Recently, during an episode of the CE Pro Podcast, a panel of noted industry video experts and evangelists that included Robert Zohn, president and founder of Value Electronics; Joel Silver, CEO and lead developer, Imaging Science Foundation (ISF); and Jason Dustal of Murideo, praised ultra-short-throw (UST) projectors as finally being viable solutions for high-performance video. It was like a scene from a classic gangster movie, and that UST products were now “made” and initiated as high-performance video solutions from the video gurus.
The stamp of approval for UST projection technology during the CE Pro Podcast from that noted trio is just another reason the technology is now a prime option for integrators to examine as they consider ways to bolster their AV installations.
Variety of UST Models from Leading Brands
Years ago, before the technologies driving UST products had fully developed, ultra-short-throw systems were more of a problem-solving solution for specific applications. Today, as Zohn explained, UST technologies have boasted major advancements, including dedicated red, green and blue lasers that help these products produce improved color capabilities.
“So, we have much better color fidelity color accuracy and fantastic color saturation; they produce 107% of BT 2020. No TV could even do that close, [and] we’re seeing color saturation and color accuracy like we have never experienced before,” noted Zohn. “[They are] doing it on 100- and 120-inch screens, so the experience is fantastic; they have 4K HDR [high dynamic range] capabilities, and they produce a brilliant high color volume.”
Zohn’s Scarsdale, N.Y., business, Value Electronics, has gained notoriety and credibility throughout the electronics industry for its annual 4K and 8K “King of TVs” evaluation event that measures to performance of today’s TVs and other video products. Because of the rapid maturation of UST products, Zohn says the 2021 event was the first year Value Electronics’ judges looked at UST products, too.
Companies offering UST products include custom electronics category-leading manufacturers such as Sony, LG, Samsung and Epson, as well as other popular global brands such as BenQ, Optoma, ViewSonic and Hisense. The latter company arguably stole the show by winning Value Electronics’ award for best product in the category, and its Laser TVs have provided one turnkey way for dealers to deliver big-screen UST entertainment.
Technology Progress Impresses Experts
Dustal, who participated in the Value Electronics event, affirmed Zohn’s enthusiasm, mentioning that he even double- checked the color measurements he had taken because of how well the products measured.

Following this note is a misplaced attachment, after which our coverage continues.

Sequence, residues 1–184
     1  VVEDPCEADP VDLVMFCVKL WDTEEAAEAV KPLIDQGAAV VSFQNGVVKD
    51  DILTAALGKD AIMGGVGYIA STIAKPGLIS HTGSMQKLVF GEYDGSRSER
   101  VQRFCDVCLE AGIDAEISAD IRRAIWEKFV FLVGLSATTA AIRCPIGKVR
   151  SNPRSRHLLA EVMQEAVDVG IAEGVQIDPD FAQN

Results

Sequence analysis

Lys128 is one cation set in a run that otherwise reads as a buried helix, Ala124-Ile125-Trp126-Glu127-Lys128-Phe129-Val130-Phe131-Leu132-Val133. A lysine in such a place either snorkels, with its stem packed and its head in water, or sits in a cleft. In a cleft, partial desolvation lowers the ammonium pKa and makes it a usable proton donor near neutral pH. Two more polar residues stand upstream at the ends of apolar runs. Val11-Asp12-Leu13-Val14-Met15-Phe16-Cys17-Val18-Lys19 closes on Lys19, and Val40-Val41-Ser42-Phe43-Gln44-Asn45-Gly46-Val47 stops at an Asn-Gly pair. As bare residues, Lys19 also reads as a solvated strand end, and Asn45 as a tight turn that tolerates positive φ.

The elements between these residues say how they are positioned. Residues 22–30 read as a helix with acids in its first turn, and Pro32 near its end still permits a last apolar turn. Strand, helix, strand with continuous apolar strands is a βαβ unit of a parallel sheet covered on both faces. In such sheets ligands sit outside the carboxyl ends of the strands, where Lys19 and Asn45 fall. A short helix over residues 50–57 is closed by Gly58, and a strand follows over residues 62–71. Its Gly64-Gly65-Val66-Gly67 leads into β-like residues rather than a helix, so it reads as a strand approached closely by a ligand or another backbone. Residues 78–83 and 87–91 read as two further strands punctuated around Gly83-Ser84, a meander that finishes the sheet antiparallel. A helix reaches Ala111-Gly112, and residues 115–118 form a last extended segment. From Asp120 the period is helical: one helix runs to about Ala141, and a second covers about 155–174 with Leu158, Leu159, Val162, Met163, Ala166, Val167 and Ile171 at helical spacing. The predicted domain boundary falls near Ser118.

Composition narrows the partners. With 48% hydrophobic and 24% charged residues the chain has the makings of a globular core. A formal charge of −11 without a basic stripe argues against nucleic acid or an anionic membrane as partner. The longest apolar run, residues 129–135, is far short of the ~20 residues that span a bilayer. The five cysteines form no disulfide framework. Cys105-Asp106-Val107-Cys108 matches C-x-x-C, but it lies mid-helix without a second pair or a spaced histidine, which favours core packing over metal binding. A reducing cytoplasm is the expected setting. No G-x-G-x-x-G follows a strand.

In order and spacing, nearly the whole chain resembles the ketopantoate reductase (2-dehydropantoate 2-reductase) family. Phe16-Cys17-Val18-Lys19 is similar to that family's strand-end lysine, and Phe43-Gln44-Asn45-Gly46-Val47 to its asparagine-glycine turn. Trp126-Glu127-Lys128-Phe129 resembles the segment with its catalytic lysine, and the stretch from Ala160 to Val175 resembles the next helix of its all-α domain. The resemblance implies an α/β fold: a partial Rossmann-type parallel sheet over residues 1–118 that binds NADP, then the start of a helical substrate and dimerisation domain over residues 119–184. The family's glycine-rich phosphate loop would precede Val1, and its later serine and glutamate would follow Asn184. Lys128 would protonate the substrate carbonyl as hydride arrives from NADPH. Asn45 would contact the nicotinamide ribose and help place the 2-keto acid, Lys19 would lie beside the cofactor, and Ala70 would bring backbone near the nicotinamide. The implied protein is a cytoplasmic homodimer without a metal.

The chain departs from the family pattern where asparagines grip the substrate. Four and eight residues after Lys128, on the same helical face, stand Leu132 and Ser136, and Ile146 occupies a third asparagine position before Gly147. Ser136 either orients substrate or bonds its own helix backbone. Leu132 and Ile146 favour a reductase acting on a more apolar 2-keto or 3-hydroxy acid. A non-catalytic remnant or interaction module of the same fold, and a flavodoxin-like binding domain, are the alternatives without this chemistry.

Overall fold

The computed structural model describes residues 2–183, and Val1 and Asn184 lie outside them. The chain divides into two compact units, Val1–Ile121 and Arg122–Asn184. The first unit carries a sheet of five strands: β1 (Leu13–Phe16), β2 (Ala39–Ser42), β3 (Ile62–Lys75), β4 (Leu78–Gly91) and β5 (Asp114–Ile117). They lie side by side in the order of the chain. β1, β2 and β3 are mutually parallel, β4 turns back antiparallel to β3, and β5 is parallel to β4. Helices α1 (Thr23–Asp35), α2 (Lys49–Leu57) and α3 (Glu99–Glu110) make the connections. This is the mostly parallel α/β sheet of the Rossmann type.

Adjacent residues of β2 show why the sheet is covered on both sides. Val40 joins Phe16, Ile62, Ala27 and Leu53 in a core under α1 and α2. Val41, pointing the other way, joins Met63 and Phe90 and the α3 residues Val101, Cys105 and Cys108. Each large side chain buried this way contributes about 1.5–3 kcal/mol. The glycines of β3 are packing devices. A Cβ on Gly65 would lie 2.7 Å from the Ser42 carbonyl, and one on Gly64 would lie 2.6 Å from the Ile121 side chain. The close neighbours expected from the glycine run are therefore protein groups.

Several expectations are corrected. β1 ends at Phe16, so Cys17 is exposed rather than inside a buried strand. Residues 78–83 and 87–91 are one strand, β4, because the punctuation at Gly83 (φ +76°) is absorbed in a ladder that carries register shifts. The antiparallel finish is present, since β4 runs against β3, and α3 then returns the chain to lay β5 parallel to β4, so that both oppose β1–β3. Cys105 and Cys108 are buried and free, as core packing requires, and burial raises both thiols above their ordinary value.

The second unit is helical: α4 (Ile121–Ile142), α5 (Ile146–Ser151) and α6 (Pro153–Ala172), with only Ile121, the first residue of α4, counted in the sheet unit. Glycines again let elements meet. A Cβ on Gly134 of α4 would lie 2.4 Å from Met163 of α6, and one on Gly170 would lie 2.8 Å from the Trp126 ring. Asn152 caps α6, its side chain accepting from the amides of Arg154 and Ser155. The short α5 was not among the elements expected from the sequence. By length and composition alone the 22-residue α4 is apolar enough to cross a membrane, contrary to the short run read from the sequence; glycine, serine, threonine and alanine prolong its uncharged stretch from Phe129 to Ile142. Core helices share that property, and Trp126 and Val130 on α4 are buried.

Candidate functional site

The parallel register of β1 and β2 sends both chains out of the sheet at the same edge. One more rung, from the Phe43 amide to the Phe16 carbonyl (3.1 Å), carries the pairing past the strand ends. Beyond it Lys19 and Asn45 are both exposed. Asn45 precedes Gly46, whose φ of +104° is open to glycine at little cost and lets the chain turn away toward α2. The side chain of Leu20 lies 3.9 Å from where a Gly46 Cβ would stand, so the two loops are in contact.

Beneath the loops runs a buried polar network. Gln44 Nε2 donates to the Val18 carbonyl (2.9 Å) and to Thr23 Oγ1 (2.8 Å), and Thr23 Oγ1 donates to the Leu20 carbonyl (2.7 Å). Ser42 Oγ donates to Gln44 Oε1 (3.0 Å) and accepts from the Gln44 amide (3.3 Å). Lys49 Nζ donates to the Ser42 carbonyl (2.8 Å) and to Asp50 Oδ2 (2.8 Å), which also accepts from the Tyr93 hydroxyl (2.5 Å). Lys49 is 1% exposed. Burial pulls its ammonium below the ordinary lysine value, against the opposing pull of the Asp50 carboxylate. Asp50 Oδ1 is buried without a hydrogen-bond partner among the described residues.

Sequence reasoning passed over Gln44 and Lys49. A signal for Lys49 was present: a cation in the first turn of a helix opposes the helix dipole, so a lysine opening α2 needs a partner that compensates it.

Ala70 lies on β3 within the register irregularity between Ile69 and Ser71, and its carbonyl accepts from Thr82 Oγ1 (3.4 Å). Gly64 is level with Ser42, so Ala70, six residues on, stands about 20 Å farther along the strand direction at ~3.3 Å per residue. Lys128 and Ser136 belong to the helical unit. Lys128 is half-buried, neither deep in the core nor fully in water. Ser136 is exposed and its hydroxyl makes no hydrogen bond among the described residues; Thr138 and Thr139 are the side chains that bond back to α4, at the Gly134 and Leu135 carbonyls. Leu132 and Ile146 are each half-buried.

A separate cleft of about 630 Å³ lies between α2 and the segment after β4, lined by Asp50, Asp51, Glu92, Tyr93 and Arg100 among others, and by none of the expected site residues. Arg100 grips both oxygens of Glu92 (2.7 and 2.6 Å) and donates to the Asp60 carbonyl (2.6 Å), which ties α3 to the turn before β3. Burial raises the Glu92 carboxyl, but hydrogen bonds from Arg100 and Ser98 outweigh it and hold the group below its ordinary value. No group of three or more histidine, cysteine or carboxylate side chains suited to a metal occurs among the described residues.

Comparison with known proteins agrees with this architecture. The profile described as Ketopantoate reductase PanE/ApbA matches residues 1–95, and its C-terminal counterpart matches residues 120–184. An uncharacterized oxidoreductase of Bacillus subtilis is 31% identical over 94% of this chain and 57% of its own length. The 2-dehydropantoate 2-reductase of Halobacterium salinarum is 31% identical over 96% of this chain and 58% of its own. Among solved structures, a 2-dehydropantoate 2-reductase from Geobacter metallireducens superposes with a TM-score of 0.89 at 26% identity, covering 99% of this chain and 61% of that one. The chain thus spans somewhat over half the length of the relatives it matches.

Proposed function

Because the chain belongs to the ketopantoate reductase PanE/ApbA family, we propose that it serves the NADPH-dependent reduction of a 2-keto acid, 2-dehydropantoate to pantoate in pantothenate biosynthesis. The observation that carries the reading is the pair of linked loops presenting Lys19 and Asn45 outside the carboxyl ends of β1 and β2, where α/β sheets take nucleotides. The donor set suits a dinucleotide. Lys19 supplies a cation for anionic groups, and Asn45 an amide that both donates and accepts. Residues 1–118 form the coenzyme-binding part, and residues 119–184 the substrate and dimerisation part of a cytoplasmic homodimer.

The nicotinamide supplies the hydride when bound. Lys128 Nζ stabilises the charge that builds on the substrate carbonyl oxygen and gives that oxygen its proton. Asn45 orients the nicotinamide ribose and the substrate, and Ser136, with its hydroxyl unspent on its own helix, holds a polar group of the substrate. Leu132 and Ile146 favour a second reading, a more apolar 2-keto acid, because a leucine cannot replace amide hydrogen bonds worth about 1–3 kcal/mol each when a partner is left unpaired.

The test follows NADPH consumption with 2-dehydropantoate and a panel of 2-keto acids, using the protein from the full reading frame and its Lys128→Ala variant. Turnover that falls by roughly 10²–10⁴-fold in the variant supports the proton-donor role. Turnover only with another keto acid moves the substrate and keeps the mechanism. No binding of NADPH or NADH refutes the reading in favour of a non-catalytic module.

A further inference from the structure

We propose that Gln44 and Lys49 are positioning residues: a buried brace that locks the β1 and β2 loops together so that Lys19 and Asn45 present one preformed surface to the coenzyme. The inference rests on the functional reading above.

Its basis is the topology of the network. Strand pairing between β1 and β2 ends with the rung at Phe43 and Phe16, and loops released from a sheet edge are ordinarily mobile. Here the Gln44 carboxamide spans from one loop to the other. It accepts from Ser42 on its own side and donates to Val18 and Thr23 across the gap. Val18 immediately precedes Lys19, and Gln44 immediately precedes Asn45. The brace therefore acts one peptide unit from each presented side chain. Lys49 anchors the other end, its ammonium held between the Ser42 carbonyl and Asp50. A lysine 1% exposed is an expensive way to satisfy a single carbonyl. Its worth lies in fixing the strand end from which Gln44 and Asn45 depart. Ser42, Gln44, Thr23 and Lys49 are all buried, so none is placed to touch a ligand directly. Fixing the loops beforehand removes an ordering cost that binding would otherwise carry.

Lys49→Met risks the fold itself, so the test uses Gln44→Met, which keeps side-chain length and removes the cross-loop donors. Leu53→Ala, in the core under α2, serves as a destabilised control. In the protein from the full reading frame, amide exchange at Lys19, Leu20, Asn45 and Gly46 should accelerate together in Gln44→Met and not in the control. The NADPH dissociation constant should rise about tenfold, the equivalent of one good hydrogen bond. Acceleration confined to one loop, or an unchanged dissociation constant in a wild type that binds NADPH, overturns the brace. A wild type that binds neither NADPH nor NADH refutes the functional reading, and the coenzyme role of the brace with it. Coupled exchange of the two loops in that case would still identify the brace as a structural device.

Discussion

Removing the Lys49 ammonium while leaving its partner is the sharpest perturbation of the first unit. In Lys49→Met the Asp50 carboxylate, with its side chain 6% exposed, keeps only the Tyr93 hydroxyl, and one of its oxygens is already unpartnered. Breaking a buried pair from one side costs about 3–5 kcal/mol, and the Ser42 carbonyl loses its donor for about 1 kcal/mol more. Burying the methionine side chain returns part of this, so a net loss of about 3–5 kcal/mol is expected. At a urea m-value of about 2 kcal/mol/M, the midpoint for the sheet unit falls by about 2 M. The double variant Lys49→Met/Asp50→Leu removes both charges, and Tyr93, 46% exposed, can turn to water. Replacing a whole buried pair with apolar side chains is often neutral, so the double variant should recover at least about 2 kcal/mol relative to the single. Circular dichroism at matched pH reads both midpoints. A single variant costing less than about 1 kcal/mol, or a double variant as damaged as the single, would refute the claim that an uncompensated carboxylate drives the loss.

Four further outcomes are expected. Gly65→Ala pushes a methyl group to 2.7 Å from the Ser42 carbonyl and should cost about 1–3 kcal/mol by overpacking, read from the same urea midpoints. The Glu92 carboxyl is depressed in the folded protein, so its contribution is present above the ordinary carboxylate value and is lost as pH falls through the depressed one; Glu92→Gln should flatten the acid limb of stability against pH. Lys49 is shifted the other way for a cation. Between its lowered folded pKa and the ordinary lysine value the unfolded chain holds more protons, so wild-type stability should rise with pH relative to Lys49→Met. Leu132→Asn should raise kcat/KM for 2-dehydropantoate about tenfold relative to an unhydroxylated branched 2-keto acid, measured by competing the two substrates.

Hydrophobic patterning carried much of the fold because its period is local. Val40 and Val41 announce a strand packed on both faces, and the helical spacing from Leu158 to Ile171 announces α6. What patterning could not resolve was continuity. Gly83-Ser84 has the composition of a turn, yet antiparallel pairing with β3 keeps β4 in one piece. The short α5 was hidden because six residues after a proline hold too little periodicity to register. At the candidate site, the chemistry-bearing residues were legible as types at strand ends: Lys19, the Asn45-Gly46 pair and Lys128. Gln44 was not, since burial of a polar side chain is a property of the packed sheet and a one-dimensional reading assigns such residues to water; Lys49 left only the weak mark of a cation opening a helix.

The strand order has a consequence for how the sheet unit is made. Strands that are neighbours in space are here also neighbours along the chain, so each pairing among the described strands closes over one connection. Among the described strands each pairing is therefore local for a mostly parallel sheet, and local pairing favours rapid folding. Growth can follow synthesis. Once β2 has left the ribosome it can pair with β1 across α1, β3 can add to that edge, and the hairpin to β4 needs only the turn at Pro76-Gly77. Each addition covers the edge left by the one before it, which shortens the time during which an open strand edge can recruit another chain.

Silver recalled participating in a similar UST product shootout in Asia shortly prior to the pandemic, and the renowned video expert is excited about the potential. “I gotta tell you, the progress in two years in the product category has been impressive,” he said. “The manufacturers have made strides.”
In addition to the performance these new-age UST projectors are delivering to homeowners, another important element of these products is the value proposition they provide. Many of these solutions, such as the Hisense offering, come as pre-bundled systems with a companion projection screen.
Manufacturers are often providing users a choice between 100- and 120-inch screens, and several of the manufacturers are bundling ambient light rejecting (ALR) screen material screens with their UST projectors to allow integrators to install these systems in a range of room environments without compromising too much picture quality.
Underscoring the bottom line of these value-minded products, most of these UST bundles carry MSRPs that range from $5,000 to $10,000. For comparison’s sake, LED televisions that are 100 inches or larger still carry much more premium pricing.
Moreover, from an integrator perspective, these products can be much easier to install into existing home environments. They don’t have the bulk, size or weight of expensive large-screen TVs. Plus, due to UST products’ increasingly using laser light engines, homeowners can invest in systems and have years of maintenance-free, big-screen home theater without sacrificing performance
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